Guide to Aircraft Maintenance Lingo

When approaching a maintenance project for your owner-flown aircraft it is essential that you are up-to-date with the lingo used to describe the replacements and repairs. While these aircraft maintenance terms accomplish similar goals, they each have a distinct meaning and fit different needs.

When an aircraft component becomes inoperative there are four options; it can be replaced with a new component, a rebuilt one, an overhauled one, or the bad component can be repaired. It is vital to know precisely what each option means and how to choose which is best for your situation.

  • New: A new component has never before been used. The manufacturer designs new components to comply with most recent fits and limits.
  • Rebuilt: A rebuilt component is used and has been rebuilt to fit new fits and limits. A distinguishing element about a rebuilt component is that the original manufacturer works it on.
  • Overhaul: An overhauled component is a used part that has been repaired according to the manufacturer’s approved technical data. This means that an overhauled part conforms to original service limits, but not necessarily any new fits or limits. If you are looking for a repaired part in compliance with new limits be sure to specify that you need a new limits overhaul. A new-limits overhaul is essentially the same thing as a rebuild, but it does not have to be performed by the original manufacturer.
  • Repaired: A repaired component is distinct from the other categories because it does not involve a replacement. It takes an inoperative component and restores it to working condition. There are no obligations to follow fits, limits, or any other procedures in the manufacturer’s overhaul manual. A repair is concerned with restoring functionality through any means available with no requirements to measure anything.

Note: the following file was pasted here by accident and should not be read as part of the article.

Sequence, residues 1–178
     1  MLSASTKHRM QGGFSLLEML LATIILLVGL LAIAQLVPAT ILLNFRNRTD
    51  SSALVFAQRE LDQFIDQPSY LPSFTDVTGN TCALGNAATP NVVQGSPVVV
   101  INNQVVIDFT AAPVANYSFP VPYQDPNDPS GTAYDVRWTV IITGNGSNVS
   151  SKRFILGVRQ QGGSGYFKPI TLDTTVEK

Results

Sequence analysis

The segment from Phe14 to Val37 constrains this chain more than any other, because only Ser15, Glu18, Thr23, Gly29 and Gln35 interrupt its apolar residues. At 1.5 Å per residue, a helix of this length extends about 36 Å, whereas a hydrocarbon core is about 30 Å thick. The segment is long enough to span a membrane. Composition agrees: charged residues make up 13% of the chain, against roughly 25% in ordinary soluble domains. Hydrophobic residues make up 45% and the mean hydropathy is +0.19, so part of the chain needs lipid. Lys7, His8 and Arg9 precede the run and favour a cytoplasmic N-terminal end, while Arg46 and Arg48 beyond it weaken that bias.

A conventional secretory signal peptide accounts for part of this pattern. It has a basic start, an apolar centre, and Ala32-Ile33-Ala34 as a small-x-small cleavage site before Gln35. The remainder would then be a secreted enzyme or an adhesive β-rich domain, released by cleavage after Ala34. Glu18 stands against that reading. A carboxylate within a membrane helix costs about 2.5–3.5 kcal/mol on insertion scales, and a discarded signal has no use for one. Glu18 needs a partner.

Now that you have a basic understanding of the various replacement and repair options, how can you decide which option is best for your situation?

There are many factors in play when making this decision, a big one being cost.

Almost always, a repair is going to be your most cost efficient option. An overhaul is more expensive because it adheres to many meticulous regulations that require additional time labor. Certain components, such as a propeller or seal, can be fixed with half the cost if they are repaired rather than overhauled. With other components, you might see even more variation in the costs. For example, a malfunctioning gyro flight instrument can cost ten times as much to be overhauled than repaired. It will definitely be worth your time and money to evaluate if a simple repair will satisfy your need before committing to a full overhaul.

Another contributing factor is the need for compliance with new fits and limits.

If the component needs to be changed or upgraded to new regulations, then a simple repair will not be sufficient. In that case, you need to decide between a new limits overhaul, a rebuilt component by the original manufacturer, or if it’s time for a brand new component.